Mastic, New York
Mastic is a hamlet and census-designated place in the southeastern part of the town of Brookhaven in central Suffolk County, New York, United States. The population was 15,481 at the 2010 census; the hamlet was called Forge until 1893, when it was changed to the current name of Mastic. The Long Island Rail Road built a station in 1882 and, on July 15, 1960, the stop was moved 7,010 feet west and renamed Mastic–Shirley. Mastic is served by the William Floyd School District, but the Eastport-South Manor Central School District north of Grove Drive in the Manor Park section of the hamlet; the Poospatuck Indian Reservation lies within the community, near its southern end and along the Forge River. The northernmost section of the hamlet has been notably called Manor Park, which stretches from Sunrise Highway to Moriches-Middle Island Road east of Brookhaven Airport. Part of the neighborhood lies within the hamlet of Shirley, but is served by Mastic's zip code of 11950. Mastic is located at 40°48′8″N 72°50′38″W.
According to the United States Census Bureau, the CDP has a total area of 4.0 square miles, of which 3.9 square miles is land and 0.08 square miles, or 2.13%, is water. As of the census of 2010, there were 15,481 people, 4,526 households, 3,743 families residing in the CDP; the population density was 3,969.5 per square mile. There were 4,847 housing units at an average density of 1,242.8/sq mi. The racial makeup of the CDP was 46.1% White, 22.4% African American, 0.7% Native American, 2.1% Asian, 0.1% Pacific Islander, 7.2% some other race, 4.3% from two or more races. Hispanic or Latino of any race were 21.8% of the population. There were 4,526 households, out of which 48.8% had children under the age of 18 living with them, 57.7% were headed by married couples living together, 18.3% had a female householder with no husband present, 17.3% were non-families. 12.4% of all households were made up of individuals and 3.3% were someone living alone, 65 years of age or older. The average household size was 3.41, the average family size was 3.63.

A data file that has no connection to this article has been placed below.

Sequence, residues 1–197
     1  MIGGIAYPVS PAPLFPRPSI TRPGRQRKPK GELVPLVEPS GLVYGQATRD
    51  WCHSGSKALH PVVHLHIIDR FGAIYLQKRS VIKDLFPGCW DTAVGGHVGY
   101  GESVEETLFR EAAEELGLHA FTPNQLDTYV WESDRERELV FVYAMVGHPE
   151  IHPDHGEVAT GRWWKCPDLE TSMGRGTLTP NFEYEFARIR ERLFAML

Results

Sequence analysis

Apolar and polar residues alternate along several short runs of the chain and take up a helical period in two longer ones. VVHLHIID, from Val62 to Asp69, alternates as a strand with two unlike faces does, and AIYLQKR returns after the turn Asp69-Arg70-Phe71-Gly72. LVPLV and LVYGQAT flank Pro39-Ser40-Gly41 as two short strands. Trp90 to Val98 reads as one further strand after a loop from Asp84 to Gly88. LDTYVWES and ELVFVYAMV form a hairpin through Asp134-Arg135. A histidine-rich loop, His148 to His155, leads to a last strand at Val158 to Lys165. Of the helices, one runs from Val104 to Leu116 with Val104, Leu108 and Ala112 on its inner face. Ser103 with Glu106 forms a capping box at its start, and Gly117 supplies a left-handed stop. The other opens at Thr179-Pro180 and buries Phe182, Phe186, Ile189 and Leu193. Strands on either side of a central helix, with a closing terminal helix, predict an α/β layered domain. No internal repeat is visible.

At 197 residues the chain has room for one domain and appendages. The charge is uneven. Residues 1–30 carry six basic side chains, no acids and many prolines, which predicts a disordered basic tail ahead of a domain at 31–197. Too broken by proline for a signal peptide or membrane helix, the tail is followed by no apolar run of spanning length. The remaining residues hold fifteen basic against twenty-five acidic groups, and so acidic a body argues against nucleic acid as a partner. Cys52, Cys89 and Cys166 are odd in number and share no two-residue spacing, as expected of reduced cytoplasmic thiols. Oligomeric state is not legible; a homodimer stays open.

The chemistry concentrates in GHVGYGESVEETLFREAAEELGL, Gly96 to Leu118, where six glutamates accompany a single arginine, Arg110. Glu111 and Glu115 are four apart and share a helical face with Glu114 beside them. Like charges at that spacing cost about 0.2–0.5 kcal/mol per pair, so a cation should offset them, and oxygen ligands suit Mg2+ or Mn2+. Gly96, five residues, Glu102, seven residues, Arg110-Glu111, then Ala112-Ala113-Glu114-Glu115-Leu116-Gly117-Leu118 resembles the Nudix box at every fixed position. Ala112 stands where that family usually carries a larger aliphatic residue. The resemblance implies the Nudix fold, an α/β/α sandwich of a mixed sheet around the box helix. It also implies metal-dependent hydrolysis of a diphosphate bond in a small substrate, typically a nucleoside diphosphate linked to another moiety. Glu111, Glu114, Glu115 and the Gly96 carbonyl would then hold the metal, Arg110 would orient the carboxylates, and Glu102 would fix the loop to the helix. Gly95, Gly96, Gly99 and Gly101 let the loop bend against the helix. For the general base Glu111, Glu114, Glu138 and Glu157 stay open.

In the CDP, the population was spread out with 28.3% under the age of 18, 10.9% from 18 to 24, 28.4% from 25 to 44, 26.1% from 45 to 64, 6.3% who were 65 years of age or older, the median age was 33.1 years. For every 100 females, there were 100.1 males and for every 100 females age 18 and over, there were 97.7 males. From 2007 to 2011, the median annual income for a household in Mastic was $70,979, the median income for a family was $79,839. Males had a median income of $51,315 versus $40,581 for females; the per capita income for the CDP was $26,176. About 18% of families and 22% of the population were below the poverty line, including 6.6% of those under age 18 and 6.0% of those age 65 or over. Forge River Moriches Bay Moriches Inlet Smith Point Bridge Tri Hamlet News Forge River Inlet at Marinas.com Old Mastic RR Station
Columbia University is a private Ivy League research university in Upper Manhattan, New York City. Established in 1754, Columbia is the oldest institution of higher education in New York and the fifth-oldest institution of higher learning in the United States, it is one of nine colonial colleges founded prior to the Declaration of Independence, seven of which belong to the Ivy League. It has been ranked by numerous major education publications as among the top ten universities in the world. Columbia was established as King's College by royal charter of George II of Great Britain in reaction to the founding of Princeton University in New Jersey, it was renamed Columbia College in 1784 following the Revolutionary War and in 1787 was placed under a private board of trustees headed by former students Alexander Hamilton and John Jay. In 1896, the campus was moved from Madison Avenue to its current location in Morningside Heights and renamed Columbia University. Columbia scientists and scholars have played an important role in the development of notable scientific fields and breakthroughs including: brain-computer interface.